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African American Wedding Traditions

Many African Americans choose to include their heritage in their special day. There are countless ways to honor your ancestors during your wedding ceremony and reception. You may also choose to add ethnic touches to the bridal shower and wedding party gifts. Wedding customs and rituals vary from region to region in Africa. Yet there are some customs that have a common thread in African values, views, and experiences which provide uniformity. In general, African marriages celebrate the uniting of two families. Introducing aspects of your culture during the wedding ceremony and/or reception is a way of celebrating your heritage and ancestry.

Tying the Knot

In some African tribes, the bride and groom have their wrists tied together with cloth or braided grass to represent their marriage. Today's modern couples may choose to have the officiant or a close friend tie their wrists together with a piece of kente cloth or a strand of cowrie shells during the ceremony while stating the wedding vows.  See our wedding essentials collection.

Libation Ceremony

To honor their ancestors, some Africans pour Holy water, or alcohol, onto the ground as prayers are recited to the ancestral spirits. Some African American couples choose to incorporate a libation ceremony as an opportunity to honor those that have recently passed away.

Jumping the broom

This is a well-known tradition whose origin is up for debate. During the slavery era, since African slaves were forbidden to marry in America, they would make a public declaration of their love and commitment by jumping over a broom to the beat of drums. Today, this ritual's significance is agreed upon to be a symbol for the start of the couple making a home together. It has become very popular for African-American couples to "Jump the broom" at the conclusion of their wedding ceremony. The broom, often handmade and beautifully decorated, can be displayed in the couple's home after the wedding. See our selection of Wedding Brooms.

Kola Nuts

The Kola nut is most often used for medicinal purposes in Africa. It is also essential in most African weddings. The Kola nut symbolizes the couple's willingness to always help heal each other. In Nigeria, the ceremony is not complete until a kola nut is shared between the couple and their parents. Many African-American couples incorporate the sharing of a kola nut into their ceremonies, and then keep the nut in their home afterwards as a reminder to always work at healing any problems they encounter.

Tasting the Four Elements

In this Yoruba ritual, the bride and groom taste four flavors that represent different emotions within a relationship. The four flavors typically used are sour (lemon), bitter (vinegar), hot (cayenne), and sweet (honey). By tasting each of the flavors, the couple symbolically demonstrates that they will be able to get through the hard times in life, and, in the end, enjoy the sweetness of marriage.

Wedding Attire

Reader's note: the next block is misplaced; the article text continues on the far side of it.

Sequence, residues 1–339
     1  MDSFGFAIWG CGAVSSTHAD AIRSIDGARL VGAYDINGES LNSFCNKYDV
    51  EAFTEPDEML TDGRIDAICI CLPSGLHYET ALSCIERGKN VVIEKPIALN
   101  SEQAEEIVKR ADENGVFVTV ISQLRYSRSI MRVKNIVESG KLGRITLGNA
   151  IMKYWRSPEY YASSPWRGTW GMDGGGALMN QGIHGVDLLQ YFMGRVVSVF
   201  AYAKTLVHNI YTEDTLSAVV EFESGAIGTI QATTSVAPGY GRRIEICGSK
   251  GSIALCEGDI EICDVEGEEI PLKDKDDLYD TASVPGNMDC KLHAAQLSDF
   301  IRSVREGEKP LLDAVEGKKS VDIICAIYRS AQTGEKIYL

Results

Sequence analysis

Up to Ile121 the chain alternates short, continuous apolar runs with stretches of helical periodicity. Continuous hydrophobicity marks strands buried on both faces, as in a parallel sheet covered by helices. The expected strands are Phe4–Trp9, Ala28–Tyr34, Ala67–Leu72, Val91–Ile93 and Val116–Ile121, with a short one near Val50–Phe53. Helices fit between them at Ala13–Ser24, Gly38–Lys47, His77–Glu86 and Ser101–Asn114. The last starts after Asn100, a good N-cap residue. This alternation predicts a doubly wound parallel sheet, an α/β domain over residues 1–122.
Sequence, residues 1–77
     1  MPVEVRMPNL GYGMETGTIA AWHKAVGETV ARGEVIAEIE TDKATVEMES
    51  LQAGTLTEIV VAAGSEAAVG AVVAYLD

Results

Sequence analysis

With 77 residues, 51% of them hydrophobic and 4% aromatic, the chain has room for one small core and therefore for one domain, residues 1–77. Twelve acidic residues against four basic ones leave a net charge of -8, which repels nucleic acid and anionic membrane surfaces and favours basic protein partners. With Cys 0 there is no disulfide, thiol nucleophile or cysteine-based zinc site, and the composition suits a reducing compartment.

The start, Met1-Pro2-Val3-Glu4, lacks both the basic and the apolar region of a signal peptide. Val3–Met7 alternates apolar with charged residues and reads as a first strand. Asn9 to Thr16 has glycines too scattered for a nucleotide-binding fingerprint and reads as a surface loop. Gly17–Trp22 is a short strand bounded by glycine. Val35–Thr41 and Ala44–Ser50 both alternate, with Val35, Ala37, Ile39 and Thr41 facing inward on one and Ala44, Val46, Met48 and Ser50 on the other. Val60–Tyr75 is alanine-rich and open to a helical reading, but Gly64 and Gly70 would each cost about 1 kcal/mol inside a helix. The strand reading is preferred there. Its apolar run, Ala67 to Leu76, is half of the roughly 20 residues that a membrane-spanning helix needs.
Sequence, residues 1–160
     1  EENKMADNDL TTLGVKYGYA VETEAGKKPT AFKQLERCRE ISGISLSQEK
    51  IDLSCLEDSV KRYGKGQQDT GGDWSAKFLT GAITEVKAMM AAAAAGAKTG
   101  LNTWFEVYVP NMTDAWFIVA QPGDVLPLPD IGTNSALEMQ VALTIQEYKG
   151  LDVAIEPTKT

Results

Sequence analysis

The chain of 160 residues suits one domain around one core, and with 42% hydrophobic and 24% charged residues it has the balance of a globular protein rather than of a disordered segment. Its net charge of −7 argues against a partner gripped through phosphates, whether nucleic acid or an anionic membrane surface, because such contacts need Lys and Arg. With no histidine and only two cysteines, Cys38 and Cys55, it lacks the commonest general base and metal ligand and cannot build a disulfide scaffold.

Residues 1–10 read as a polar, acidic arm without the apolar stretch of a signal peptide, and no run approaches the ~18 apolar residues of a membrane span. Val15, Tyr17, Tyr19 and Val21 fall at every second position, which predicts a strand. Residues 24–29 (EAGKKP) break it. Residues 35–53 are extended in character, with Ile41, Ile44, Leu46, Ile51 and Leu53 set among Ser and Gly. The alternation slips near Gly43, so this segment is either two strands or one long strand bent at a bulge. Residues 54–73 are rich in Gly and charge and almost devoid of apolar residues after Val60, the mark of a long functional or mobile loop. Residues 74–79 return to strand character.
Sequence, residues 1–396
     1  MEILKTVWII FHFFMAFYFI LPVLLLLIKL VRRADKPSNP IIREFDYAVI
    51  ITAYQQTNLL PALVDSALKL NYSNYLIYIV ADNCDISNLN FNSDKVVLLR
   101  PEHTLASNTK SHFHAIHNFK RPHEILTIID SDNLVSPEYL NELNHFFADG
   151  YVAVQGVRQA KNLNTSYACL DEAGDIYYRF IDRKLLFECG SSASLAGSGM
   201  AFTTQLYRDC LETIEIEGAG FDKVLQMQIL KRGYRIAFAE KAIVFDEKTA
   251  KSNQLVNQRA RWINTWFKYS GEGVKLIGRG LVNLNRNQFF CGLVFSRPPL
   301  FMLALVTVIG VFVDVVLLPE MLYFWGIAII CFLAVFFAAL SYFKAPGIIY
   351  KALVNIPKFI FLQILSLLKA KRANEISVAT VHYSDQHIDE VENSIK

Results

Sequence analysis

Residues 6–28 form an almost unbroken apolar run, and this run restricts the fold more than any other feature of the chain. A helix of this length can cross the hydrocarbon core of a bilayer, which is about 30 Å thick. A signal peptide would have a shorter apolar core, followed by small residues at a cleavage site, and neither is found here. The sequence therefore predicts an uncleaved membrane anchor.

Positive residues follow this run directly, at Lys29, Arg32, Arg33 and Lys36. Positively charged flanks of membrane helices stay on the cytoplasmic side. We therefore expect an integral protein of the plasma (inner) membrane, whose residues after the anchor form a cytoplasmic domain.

Depending on where they are from, the African bride's attire will represent the area with exciting colors and meaningful designs. Some African-American couples choose to convey their heritage through clothing. The possibilities are endless. It can be as simple as bridesmaids wrapped in African shawls and groomsmen with Kente cloth cummerbunds and bowties, or as elaborate as the groom and groomsmen in traditional Nigerian garb called agbada. In Ghana, Kente is used as wedding attire for the bridal party. Nigerian brides and bridesmaids typically don a bubah, an elegant four piece ensemble that includes a long outer wrap and matching headpiece. Today's brides may also choose to wear an African-inspired gown with African Adinkra symbols included in the fabric. The brides may wear their hair in braids with ornaments on their wrists and necks bejeweled. See our Adinkra collection.

Adinkra Symbols
AKOMA GYE NYAME ME WARE WO OSRAM NE NSOROMMA

Wearing an African-inspired gown with Adinkra symbols woven into the fabric is a special way to incorporate African tradition in your wedding. Adinkra symbols are common in Western African societies; specifically Ghana, a country situated on the Atlantic between Togo and the Ivory Coast. Adinkra symbols were adapted by the Asante people of Ghana. The symbols represent different concepts or ideas. Adinkra symbols can be found everywhere in Ghana including fabrics, walls, pottery and logos. Some common Adinkra symbols used in weddings include, Akoma, Me Ware Wo, Gye Nyame, and Osram Ne Nsoromma. Akoma is a heart symbol that signifies patience and tolerance. Gye Nyame signifies the supremacy of god. Me Ware Wo symbolizes commitment and perseverance. Osram Ne Nsoromma is a stands for the harmony that exists in the bond between a man and a woman. Shop our Adinkra Collection.

Cowrie Shells

Cowrie shells, indigenous to West Africa represent fertility and prosperity. Cowrie shells are a significant favorite used in bridal attire. Use of the shell design in favors, food serving, cakes and decoration or table centerpieces express the tradition.

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